In this sense, it’s not the attacks that are surprising, it’s that Iran was able to avoid one for so long. The attacks were a wake-up call for Iran’s security apparatus, but so too will they probably serve as one for jihadists, who will be encouraged to exploit Iran’s vulnerabilities.
What’s the immediate impact of this attack?
There are different voices coming out of Tehran. Some in the leadership have sought to downplay the attacks. The supreme leader said the “terrorists fumbling with fire crackers” won’t affect Iran, while the speaker of the parliament, where twelve people were killed and many were injured, called them a “trivial incident”. The Revolutionary Guards, however, have vowed revenge, drawing an unsubstantiated link between the attacks and a joint Saudi-U.S. effort to push back against Tehran’s regional policies. The minister of intelligence, however, has said it is too early to blame the Saudis. Nevertheless, the harsh rhetoric on both sides is likely to exacerbate tensions between Iran and Saudi Arabia and further diminish the already slim chance of any kind of reconciliation anytime soon.
Still, I don’t see any immediate escalation of friction between Iran and Saudi Arabia. Neither the leadership in Tehran nor the one in Riyadh appears keen on a direct confrontation. Still, with increased tensions, there is higher likelihood of miscalculation on both sides. And of course, all of this fuels sectarianism in the region, which is a gift to ISIS and al-Qaeda.
What was the symbolism of the chosen targets?
The targets seem to have been chosen in order to maximise political impact rather than fatalities. The assailants targeted two key symbolic pillars of the Islamic Republic, the mausoleum of Ayatollah Khomenei, the founder of Iran’s theocratic system, and the parliament, the centre of the country’s republican tradition. Assuming that ISIS was the perpetrator, it is striking that it claimed responsibility for the attack immediately rather than wait as it usually does. This is probably because it considers the attack a rare success as it rapidly loses ground in Iraq and Syria.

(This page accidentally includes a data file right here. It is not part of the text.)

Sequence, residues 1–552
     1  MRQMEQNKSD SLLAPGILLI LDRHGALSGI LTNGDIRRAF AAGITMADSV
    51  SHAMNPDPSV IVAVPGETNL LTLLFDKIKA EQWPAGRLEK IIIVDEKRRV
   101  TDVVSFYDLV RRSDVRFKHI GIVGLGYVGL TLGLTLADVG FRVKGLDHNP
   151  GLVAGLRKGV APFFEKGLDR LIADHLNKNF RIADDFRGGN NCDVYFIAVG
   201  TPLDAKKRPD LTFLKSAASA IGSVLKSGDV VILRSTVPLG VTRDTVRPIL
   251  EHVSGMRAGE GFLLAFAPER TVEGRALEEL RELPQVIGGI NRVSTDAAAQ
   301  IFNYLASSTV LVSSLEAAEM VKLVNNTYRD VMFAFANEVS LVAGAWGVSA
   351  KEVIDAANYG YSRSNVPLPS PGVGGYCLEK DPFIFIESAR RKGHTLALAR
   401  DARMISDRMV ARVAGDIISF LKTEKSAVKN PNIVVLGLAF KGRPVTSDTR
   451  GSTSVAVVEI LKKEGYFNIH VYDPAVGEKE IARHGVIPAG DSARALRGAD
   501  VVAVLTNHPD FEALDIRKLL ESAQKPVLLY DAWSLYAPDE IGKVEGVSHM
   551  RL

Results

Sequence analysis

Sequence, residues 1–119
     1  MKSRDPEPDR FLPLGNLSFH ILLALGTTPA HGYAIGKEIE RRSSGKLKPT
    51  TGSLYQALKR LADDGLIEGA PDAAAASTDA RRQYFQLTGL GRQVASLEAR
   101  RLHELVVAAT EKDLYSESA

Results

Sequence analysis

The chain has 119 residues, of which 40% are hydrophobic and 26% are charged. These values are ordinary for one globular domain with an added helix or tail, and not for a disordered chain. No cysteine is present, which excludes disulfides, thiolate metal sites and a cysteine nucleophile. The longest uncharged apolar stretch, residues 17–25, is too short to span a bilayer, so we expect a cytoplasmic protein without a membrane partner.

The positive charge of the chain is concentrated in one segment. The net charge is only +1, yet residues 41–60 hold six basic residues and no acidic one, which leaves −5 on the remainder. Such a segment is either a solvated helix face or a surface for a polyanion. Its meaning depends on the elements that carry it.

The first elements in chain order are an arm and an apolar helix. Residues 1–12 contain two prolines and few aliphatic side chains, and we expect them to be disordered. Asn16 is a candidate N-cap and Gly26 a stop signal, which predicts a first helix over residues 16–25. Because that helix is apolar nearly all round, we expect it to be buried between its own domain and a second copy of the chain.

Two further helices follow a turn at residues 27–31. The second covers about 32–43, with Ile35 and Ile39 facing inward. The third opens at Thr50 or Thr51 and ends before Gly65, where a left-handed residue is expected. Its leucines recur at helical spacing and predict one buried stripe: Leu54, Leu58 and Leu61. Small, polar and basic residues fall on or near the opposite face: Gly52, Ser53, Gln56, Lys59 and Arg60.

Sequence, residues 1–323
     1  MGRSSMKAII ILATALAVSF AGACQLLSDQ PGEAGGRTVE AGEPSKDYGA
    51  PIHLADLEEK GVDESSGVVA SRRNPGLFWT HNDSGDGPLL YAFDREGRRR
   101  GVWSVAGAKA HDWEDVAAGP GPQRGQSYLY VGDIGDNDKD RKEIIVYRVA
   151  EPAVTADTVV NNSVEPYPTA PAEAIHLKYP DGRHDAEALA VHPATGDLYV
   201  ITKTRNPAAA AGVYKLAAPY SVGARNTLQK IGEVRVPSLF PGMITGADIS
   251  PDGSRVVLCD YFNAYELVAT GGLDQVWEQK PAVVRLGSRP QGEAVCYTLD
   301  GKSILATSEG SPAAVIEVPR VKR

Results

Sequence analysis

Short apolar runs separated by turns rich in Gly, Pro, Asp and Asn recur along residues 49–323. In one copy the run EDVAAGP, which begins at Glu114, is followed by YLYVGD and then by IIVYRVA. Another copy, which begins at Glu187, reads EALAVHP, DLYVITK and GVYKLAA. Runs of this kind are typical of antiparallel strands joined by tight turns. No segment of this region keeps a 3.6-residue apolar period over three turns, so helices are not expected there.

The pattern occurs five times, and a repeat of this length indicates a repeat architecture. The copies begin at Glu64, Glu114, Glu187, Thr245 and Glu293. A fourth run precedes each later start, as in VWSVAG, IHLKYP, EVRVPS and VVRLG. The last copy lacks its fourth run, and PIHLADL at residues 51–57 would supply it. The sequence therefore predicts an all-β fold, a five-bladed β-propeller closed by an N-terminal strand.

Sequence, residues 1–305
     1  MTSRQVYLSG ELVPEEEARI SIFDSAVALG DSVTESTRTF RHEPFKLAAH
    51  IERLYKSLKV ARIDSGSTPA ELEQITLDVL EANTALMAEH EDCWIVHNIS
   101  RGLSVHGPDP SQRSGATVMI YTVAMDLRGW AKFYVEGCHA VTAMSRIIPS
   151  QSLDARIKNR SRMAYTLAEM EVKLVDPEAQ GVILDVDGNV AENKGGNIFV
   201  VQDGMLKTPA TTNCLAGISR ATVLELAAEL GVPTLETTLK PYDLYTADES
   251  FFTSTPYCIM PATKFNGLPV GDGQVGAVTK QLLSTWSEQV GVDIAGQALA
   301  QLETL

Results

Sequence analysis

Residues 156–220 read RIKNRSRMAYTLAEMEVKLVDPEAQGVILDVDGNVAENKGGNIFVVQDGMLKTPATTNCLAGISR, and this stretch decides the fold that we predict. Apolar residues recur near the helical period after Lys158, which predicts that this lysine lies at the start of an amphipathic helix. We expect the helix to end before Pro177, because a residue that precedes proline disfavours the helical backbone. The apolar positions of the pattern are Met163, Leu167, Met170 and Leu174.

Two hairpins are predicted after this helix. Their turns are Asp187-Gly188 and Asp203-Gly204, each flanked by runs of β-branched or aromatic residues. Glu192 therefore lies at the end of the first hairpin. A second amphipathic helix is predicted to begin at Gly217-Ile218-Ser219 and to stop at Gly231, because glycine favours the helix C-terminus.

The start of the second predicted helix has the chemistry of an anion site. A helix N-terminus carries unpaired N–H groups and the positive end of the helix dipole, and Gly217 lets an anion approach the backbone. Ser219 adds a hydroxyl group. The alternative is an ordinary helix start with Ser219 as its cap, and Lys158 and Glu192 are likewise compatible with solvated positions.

What do you think the domestic impact will be?
Initially at least the attacks are likely to rally Iranians around the flag, but this could change quickly depending on two key questions: first, will anybody in Iran use the event politically, and how? Secondly, how were the perpetrators able to carry out these attacks?
President Rouhani is fresh from an election in which he received a strong mandate to deliver on his promise of de-securitising the domestic sphere. The attacks, however, could better enable the Revolutionary Guards to resist him and crack down on internal dissent. If Rouhani succeeds in quickly creating consensus around a path forward that would rectify security loopholes, while tolerating a higher degree of political pluralism, he might be able to prevent a counterproductive blame game and deeper polarisation. This could be done through the Supreme National Security Council, which comprises key civilian and military leaders and takes all key national security decisions in Iran. Given Rouhani’s extensive experience in the country’s national security establishment, he has the know-how to achieve this goal. But at this stage, it is too early to tell whether he will succeed or not.